"Blind cricket has been played in Australia since 1922. Its early origins were in Prahran Victoria where a group of blind and vision impaired people came up with the idea of putting some rocks in a can and using it as a ball.  This occurred during a test match which inspired blind crickets forefathers enthusiasm for the game.

The game developed over the next thirty years and in 1952, the first National Blind Cricket Championships were held.  The ball changed dramatically and at the first championships, the ball was made of cane which was wound through a wire frame and filled with lead and bottle tops. The balls were soaked over night to soften them.

Today, Blind Cricket Australia oversees competitions in all mainland states and is developing the game in Tasmania and the Northern Territory.

An annual national competition, the National Cricket Inclusion Championships (hosted by Cricket Australia) brings players from all parts of Australia together, fighting it out for the coveted crown of National Champions.

​From there, our elite players can go on to play internationally, competing with teams from ten

countries in T20 and ODI world cups every two years, as well as a series between Australia and England every four years.

​Blind cricket and cricket for people with a disability is the only non paralympic sport which meets the costs of its participants at an international level.  Playing for Australia is cost free to all Australian team members.

Our great game has many benefits. You can play at club level in any of the mainland states including the ACT where you can learn skills such as hand eye coordination. You can develop your fitness and achieve an all round improvement in your health and well being. There are also opportunities to play at state level and even internationally. You can meet new people and enjoy a great camaraderie at all levels."

Blind Cricket Australia Website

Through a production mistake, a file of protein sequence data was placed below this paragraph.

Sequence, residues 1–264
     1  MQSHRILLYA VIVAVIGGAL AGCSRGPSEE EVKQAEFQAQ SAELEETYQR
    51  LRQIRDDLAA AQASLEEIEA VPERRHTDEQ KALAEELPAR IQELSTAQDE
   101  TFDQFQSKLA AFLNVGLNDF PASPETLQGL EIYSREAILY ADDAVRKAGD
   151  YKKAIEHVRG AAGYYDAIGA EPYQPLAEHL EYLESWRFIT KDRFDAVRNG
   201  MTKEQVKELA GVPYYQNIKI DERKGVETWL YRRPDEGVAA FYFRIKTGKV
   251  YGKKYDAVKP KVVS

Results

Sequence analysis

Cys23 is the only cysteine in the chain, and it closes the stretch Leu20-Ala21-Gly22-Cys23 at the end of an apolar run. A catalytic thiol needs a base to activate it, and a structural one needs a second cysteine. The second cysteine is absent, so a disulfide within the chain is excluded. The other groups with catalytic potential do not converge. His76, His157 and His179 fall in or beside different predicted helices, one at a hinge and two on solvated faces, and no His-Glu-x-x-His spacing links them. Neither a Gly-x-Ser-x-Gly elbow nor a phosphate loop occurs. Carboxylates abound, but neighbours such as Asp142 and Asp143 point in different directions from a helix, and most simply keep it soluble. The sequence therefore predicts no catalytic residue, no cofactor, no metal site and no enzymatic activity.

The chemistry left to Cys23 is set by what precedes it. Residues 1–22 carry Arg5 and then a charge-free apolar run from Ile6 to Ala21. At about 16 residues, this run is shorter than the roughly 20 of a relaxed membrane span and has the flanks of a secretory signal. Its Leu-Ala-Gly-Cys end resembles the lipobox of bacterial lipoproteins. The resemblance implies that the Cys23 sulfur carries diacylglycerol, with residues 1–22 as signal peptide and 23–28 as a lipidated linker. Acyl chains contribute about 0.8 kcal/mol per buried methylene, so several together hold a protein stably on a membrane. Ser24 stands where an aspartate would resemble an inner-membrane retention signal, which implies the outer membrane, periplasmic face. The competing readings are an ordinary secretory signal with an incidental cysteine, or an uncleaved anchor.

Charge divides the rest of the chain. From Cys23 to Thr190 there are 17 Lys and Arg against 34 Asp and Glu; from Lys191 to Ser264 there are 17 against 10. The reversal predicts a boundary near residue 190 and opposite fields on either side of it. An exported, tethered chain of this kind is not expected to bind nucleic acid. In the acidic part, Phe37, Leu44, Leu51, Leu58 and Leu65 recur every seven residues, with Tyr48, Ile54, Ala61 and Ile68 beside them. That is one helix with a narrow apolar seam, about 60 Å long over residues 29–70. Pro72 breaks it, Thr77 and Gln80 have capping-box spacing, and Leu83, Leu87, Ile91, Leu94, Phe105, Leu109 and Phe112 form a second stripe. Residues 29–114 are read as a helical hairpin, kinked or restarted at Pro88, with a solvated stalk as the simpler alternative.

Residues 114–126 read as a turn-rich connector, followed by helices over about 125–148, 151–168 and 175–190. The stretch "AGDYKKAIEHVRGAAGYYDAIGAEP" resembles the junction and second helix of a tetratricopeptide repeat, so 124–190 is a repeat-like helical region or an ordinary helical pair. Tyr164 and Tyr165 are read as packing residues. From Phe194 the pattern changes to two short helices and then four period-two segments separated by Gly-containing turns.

Blind Cricket Australia run development clinics in all capital cities and many regional areas around Australia, so “Like” us on Facebook or email us through this website and we will let you know when the next opportunity to see blind cricket in your local area is. Blind Cricket is played in essentially the same way as the conventional game of Cricket with the major exceptions being:

  • Audible ball – the ball rattles/rings when moving (note: ball is of similar size and weight to a conventional cricket ball)
  • A side is made up of four totally blind players (B1’s), three poor partially blind players (B2’s) and four partially sighted players (B3’s). Each sight category has a 12th man (14 players in total, eleven players and three 12th men)
  • All bowling is underarm and the ball must bounce at least twice before reaching the batter. Before delivering the ball B1 players receive a direction call from the wicketkeeper to find the correct line to bowl. B1 players must bowl a minimum of 40 per cent of the overs in an innings
  • Totally blind players have a runner when batting and are credited with two runs for every run scored off the bat

Blind cricket and cricket for people with a disability is the only non paralympic sport which meets the costs of its participants at an international level.  Playing for Australia is cost free to all Australian team members.


PRESIDENT – Ray Moxly – [email protected]

VICE CHAIRMAN – Lindsay Heaven

SECRETARY – Ashleigh Malone – [email protected]

TREASURER – Eugene Negruk – [email protected]

TEAM MANAGER – Aaron Dragwidge

www.blindcricketaustralia.com.au